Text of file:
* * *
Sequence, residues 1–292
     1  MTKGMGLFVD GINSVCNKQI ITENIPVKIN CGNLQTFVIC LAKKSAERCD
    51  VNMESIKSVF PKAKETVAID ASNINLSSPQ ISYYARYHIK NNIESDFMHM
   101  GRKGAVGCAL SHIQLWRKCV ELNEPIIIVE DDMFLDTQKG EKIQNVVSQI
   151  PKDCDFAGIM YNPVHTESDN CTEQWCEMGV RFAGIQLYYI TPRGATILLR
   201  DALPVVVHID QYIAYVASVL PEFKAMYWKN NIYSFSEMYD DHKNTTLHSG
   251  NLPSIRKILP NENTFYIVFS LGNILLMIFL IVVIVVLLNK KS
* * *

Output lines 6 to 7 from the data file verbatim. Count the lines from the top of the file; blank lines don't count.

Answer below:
   201  DALPVVVHID QYIAYVASVL PEFKAMYWKN NIYSFSEMYD DHKNTTLHSG
   251  NLPSIRKILP NENTFYIVFS LGNILLMIFL IVVIVVLLNK KS